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SANTA MONICA, Calif.,
Sept. 26, 2013 /PRNewswire-USNewswire/ -- In a seminal decision for online privacy, a federal judge in
San Jose, CA., today rejected Google's claims that wiretapping laws do not apply to its Gmail business and that consumers who email people with Gmail accounts have no legitimate expectation of privacy.
In rejecting all but two of the Internet giant's motions to dismiss a class action suit, Judge
Lucy Koh ruled that reading emails is not a necessary part of Google's business operations and that
California's Invasion of Privacy Laws apply to opening and reading online communications without consent.
"This is a historic step for holding Internet communications subject to the same privacy laws that exist in the rest of society. The court rightly rejected Google's tortured logic that you have to accept intrusions of privacy if you want to send email," said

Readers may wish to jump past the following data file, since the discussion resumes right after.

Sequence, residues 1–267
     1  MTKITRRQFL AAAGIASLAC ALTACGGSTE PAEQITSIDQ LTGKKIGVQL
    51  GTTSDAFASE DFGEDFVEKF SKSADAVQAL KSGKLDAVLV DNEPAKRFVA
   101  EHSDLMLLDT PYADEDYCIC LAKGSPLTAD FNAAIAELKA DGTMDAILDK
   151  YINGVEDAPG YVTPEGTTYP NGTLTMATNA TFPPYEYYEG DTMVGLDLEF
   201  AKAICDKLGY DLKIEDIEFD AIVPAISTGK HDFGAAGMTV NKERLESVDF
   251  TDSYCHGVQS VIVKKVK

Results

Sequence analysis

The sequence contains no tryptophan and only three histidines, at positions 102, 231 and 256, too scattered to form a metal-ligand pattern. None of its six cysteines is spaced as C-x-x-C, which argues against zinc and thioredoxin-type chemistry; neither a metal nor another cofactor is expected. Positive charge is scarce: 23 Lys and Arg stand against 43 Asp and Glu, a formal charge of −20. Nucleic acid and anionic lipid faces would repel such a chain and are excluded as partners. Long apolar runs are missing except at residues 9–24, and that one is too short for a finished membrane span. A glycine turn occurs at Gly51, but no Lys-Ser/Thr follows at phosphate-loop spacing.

John M. Simpson, Consumer Watchdog's Privacy Project Director. "The ruling means federal and state wiretap laws apply to the Internet. It's a tremendous victory for online privacy. Companies like Google can't simply do whatever they want with our data and emails."
Read the decision here:
"Google's alleged interceptions are neither instrumental to the provision of email services, nor are they an incidental effect of providing these services. The Court therefore finds that Plaintiffs have plausibly alleged that the interceptions fall outside Google's ordinary course of business," wrote Judge Koh.
Judge Koh also found that the Google's Terms of Service and Privacy Polices did not inform users about the Gmail interceptions. She wrote:
"The Court finds, however, that those policies did not explicitly notify Plaintiffs that Google would intercept users' emails for the purposes of creating user profiles or providing targeted advertising …